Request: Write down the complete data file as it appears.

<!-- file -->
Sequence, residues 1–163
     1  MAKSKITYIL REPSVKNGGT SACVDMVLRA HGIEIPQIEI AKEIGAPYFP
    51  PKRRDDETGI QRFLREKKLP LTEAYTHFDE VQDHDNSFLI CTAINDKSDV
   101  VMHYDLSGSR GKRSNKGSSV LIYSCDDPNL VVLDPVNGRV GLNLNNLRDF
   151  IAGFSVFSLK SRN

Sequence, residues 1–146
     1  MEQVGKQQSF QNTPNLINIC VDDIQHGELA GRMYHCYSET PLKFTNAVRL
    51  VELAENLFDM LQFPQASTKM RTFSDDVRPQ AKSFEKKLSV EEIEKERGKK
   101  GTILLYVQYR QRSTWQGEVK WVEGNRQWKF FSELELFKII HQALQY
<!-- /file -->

Sequence, residues 1–163
     1  MAKSKITYIL REPSVKNGGT SACVDMVLRA HGIEIPQIEI AKEIGAPYFP
    51  PKRRDDETGI QRFLREKKLP LTEAYTHFDE VQDHDNSFLI CTAINDKSDV
   101  VMHYDLSGSR GKRSNKGSSV LIYSCDDPNL VVLDPVNGRV GLNLNNLRDF
   151  IAGFSVFSLK SRN

Sequence, residues 1–146
     1  MEQVGKQQSF QNTPNLINIC VDDIQHGELA GRMYHCYSET PLKFTNAVRL
    51  VELAENLFDM LQFPQASTKM RTFSDDVRPQ AKSFEKKLSV EEIEKERGKK
   101  GTILLYVQYR QRSTWQGEVK WVEGNRQWKF FSELELFKII HQALQY